past homepages

"Who Messed With the Puzzle Picture"

Over the past month I've heard from many I've lost contact with over the past year. It has been wonderful reconnecting with many of you and getting an update on what God is doing in your lives. I look forward to seeing some of you in person shortly. Your words of encouragement have been so meaningful to me and my family.

If I had to describe my life in one word at this stage, it would be "re-focus." When you lose someone close to you such as a parent, your life immediately becomes one, big blur. Your purpose and identity, your joys and passions, your memories and dreams, and things that used to excite you all seem to dwindle away, similar to a fire quickly being extinguished. Finding clarity through the clouds of confusion, plus a sundry of questions, makes this process a very long journey.

When I lived in Jacksonville, FL, I recall a time my mother came to visit me. Because she had chronic pain for many years, I suggested that we go to the Mayo Clinic which was only five minutes from my home. As I sat in the waiting room and read some medical literature on visual difficulties, I came across a word that caught my attention - myopia. It's a condition in which the visual images come to a focus in front of the retina, resulting especially in defective vision of distant objects. In other words the individual can see things up close but has a difficult time seeing things far away (a.k.a. nearsightedness).

As I sat there and thought about that word, I considered its applicability to our lives. There are times when we can see how the events of our lives fit so well together, just as a lego snaps perfectly into another. However, when something comes along that doesn't seem to fit, we have a difficult time trying to see how it lines up with everything else. It just doesn't seem to make sense. And there are some puzzle pieces which don't appear to belong in our lives at all. "That piece belongs to someone else," we say under our breathe. As a result, our view of the so called God-designed portrait seems askew. That's how I feel at times about my father's death.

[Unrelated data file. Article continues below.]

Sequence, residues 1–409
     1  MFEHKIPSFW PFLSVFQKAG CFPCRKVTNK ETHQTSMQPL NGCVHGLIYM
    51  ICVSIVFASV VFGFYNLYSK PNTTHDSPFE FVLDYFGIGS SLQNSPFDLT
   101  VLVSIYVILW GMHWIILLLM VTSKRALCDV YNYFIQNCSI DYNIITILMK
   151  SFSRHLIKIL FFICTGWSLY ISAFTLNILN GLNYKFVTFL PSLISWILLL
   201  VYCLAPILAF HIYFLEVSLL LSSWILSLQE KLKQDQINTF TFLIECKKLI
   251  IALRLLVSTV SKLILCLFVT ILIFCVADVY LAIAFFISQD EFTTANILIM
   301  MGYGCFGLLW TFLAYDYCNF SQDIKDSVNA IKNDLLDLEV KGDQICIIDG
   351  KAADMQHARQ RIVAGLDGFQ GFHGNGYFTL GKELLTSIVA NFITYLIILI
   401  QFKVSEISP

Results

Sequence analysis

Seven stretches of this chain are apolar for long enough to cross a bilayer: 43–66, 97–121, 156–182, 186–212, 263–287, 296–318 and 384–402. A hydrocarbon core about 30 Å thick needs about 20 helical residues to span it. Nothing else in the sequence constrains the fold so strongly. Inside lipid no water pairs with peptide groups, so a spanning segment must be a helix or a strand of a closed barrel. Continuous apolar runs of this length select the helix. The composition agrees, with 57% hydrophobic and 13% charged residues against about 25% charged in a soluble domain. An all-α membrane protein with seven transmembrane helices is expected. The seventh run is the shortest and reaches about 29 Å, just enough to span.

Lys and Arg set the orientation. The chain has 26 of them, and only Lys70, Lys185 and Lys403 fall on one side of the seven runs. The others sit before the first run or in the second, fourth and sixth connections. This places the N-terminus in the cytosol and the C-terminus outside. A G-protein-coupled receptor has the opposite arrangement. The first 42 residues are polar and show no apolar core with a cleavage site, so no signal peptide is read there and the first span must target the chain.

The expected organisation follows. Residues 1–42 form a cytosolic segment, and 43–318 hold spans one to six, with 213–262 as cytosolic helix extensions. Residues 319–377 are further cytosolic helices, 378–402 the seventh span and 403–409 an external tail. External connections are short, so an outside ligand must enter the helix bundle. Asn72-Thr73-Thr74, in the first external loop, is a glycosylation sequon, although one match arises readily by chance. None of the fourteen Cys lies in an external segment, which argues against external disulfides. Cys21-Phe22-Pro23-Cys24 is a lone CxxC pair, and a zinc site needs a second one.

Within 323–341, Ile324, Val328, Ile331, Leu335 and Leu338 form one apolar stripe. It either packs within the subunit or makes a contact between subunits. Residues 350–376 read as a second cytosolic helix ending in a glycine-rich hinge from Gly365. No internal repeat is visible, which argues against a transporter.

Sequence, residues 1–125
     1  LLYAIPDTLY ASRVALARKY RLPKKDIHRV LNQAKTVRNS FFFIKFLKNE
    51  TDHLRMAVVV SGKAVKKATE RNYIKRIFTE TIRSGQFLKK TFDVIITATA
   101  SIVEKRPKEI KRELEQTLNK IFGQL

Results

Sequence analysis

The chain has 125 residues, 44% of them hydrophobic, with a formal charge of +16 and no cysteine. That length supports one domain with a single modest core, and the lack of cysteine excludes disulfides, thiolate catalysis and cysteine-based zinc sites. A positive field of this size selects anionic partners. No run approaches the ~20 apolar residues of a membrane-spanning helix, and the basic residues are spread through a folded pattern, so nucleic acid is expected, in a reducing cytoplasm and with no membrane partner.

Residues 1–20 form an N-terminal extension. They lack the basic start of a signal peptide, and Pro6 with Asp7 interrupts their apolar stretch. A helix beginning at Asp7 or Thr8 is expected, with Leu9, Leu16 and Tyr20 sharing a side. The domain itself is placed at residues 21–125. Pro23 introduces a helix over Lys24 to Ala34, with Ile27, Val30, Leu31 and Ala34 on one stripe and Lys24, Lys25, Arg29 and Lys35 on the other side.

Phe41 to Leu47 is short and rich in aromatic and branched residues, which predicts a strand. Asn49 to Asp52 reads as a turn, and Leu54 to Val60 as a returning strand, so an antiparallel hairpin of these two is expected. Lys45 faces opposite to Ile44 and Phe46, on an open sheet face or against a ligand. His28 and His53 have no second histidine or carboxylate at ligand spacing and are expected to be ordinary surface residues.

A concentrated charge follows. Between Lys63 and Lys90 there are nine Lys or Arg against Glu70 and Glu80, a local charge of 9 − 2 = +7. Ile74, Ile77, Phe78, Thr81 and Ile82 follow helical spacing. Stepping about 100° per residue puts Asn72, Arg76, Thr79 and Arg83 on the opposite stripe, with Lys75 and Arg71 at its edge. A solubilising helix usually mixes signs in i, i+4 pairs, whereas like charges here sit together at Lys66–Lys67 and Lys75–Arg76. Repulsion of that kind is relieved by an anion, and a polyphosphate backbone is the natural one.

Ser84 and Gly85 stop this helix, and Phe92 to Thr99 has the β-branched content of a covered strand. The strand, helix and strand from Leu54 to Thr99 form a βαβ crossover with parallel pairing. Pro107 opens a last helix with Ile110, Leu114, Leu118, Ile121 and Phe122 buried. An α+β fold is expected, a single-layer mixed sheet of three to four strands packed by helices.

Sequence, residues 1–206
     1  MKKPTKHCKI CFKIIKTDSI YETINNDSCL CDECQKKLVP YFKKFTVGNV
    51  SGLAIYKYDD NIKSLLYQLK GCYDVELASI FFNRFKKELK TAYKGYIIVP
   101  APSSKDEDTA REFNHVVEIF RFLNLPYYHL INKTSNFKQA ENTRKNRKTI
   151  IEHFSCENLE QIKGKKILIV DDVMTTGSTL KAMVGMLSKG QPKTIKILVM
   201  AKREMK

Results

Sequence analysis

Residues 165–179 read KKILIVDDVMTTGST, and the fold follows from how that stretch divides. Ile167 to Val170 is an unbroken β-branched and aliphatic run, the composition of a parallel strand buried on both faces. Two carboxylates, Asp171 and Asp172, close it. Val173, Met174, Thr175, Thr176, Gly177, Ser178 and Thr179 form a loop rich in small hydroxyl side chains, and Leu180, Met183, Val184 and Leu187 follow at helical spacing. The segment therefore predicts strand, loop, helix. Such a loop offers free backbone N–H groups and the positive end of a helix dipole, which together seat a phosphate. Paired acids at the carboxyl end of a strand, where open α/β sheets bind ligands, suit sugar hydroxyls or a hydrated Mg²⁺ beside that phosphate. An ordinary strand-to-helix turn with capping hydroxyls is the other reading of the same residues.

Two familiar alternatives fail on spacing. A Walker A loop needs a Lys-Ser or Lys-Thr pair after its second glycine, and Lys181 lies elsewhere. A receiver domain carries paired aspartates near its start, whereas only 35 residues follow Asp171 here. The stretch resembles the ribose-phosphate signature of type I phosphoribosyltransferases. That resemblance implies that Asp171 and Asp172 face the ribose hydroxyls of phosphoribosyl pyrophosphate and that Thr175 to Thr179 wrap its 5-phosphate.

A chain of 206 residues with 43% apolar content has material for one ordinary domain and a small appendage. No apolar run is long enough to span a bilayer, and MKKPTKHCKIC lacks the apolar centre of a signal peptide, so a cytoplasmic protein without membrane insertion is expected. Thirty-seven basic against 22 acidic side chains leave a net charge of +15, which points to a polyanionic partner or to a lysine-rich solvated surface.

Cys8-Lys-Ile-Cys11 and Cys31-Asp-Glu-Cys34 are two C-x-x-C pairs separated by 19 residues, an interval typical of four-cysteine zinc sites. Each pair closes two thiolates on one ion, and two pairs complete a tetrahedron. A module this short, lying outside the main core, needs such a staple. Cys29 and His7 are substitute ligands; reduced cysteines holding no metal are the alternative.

Just when the portrait was beginning to become clearer, someone came along and messed the entire puzzle board. And now we try to pick those pieces up, picking one up at a time, turning over each piece, observing it, and seeing where, if at all, it fits. Some of the corners are creased, some of the curves are cracked, and a few are outright broken.

Even after one year, I find myself still picking up many pieces. Sometimes, out of sheer confusion, I'm left with only one choice - raising that piece up to the Lord and saying, "you gave me this piece, but it doesn't seem to fit anymore." Other times, I sense that God has given me some things just for a season and, therefore, I must now gently lay it in the hands of Christ, even though there are times I want that piece to still be a part of my life.

Seeing the big picture isn't an easy task. If anything, I'm learning that our travels on this earth are very much a "hidden journey." God doesn't shine the light into our future as far as we like. But just like when we travel on a highway late into the evening, even though our headlights can only project so far ahead of our vehicle, we trust that what's ahead is safe to continue travelling. And as we continue on our trip, what was unknown will become clearer. We must, however, continue to move forward.

If this hidden journey is God's way of deepening our character and our lives, then I trust he will do what is best for us. I still have many unanswered questions, but I can honestly say, that as displeasing as this process can be at times, I am finding joy in the journey.

Your friend,